Awesome job. Now lets get those motors hooked up to our Atom

STEP 3. Installing your motors.

NOTE: This step may vary slightly depending on if you have the 1306 Pro motors or the 1105/1105b Junior motors. 

Installing the motors is very easy. Each motor comes with many screws that can be used to mount to different frame thicknesses, while some are for propeller mounting. We want to secure the motors in such a way that the wires from the motors are traveling down the arms of the Atom V2 frame.




  1. If you are using the ‘JR’ motors go ahead and attach a motor to each arm like described above with a minimum of 2 screws per motor.  Using loctite at this point is recommended so that you can prevent them unscrewing. ​If you are using the 1306 Pro motors you need to make sure that motors 1 and 4 are the ones with the white dot on top of the shaft, and motors 2 and 3 are the full black shafts without the dots. (This is because the threads on these motors are designed to tighten with the direction the motors will be spinning)



  1. With our motors secured it is now time for the most difficult part of the build. (although it is not really very difficult at all) We need to solder up our motors to our ESC pads we pre-tinned earlier. Now depending on which way we solder up the wires will determine which way our motors spin. Motors 1 and 4 (the ones with the white dots) are going to spin clockwise and motors 2 and 3 are going to spin counter-clockwise.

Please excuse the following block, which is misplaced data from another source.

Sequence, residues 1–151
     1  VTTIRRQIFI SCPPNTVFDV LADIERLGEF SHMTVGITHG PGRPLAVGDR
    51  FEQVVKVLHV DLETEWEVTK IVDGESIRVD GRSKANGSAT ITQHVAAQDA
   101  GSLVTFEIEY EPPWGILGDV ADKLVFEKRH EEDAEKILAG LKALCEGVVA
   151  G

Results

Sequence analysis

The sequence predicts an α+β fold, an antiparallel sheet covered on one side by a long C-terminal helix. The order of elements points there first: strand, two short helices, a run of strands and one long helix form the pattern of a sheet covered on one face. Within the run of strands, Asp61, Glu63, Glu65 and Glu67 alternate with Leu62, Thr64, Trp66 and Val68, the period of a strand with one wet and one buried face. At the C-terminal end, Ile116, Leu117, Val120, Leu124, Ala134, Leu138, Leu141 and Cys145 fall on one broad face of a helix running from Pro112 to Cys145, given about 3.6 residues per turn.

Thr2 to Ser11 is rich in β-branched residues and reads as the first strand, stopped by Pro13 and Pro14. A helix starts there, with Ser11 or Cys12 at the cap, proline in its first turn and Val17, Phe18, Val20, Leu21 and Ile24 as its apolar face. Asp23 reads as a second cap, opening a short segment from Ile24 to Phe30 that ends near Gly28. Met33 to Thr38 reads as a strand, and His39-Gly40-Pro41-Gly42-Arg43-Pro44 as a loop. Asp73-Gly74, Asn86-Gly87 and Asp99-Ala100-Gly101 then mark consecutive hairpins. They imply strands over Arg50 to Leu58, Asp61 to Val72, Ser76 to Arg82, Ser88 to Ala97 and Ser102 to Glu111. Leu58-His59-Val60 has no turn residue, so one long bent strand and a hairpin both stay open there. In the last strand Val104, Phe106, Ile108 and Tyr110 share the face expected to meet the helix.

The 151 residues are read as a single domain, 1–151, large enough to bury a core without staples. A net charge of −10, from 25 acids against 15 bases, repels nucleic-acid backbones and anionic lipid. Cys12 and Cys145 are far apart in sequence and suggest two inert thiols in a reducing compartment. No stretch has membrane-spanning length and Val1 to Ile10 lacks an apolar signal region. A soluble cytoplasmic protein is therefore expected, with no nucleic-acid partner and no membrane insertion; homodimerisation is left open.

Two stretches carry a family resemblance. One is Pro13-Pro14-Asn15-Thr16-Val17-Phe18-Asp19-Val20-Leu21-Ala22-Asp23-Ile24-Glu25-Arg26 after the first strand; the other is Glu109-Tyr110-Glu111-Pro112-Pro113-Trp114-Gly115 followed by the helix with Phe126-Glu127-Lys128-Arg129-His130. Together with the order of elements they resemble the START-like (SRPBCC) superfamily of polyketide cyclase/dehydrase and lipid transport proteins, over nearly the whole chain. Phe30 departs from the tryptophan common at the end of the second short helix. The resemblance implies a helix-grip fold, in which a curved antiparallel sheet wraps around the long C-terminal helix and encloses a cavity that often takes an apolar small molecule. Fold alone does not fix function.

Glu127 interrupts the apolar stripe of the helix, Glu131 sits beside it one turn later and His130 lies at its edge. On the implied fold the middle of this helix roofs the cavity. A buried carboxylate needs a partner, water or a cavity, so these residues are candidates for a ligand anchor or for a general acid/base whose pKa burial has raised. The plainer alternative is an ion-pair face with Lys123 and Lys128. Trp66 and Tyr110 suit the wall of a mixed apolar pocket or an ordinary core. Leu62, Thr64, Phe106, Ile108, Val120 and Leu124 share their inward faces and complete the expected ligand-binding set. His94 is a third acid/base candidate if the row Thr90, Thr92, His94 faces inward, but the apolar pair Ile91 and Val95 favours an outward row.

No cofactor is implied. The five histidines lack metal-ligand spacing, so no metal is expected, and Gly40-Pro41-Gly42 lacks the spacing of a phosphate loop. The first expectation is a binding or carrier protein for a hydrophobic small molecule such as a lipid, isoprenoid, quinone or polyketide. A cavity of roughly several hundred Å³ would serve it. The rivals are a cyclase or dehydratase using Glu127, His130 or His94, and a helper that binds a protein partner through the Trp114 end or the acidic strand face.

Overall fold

​Lets work on motor 1 first. To make it spin clockwise we need to solder the wires "crossover" - Meaning that the left motor wire is soldered to the left pad of the ESC, the middle wire is soldered to the right pad of the ESC and the right motor is soldered to the middle pad of the ESC. You will notice 2 of the wires are crossing over each other. I suggest you start on the left wire first and work your way from the inside out. This way you will find you have slightly more access to your joints while working.

With the left motor wire place it against the left pad on ESC one. This is the third pad from right at the back of the Powercube. A picture is worth a thousand words so just look at the picture below for an easy reference. With the pre-tinned wire pressed against the pre tinned pad of the ESC simple apply some heat with your soldering iron and they should merge together quickly and easily leaving a nice strong, clean joint. Repeat this process with the right wire to the middle ESC pad and the middle wire to the right ESC pad. BOOM... Motor 1 is now connected and ready.

REPEAT THIS PROCESS WITH MOTOR 4 making sure 2 of the wires per motor are crossing over each other. ​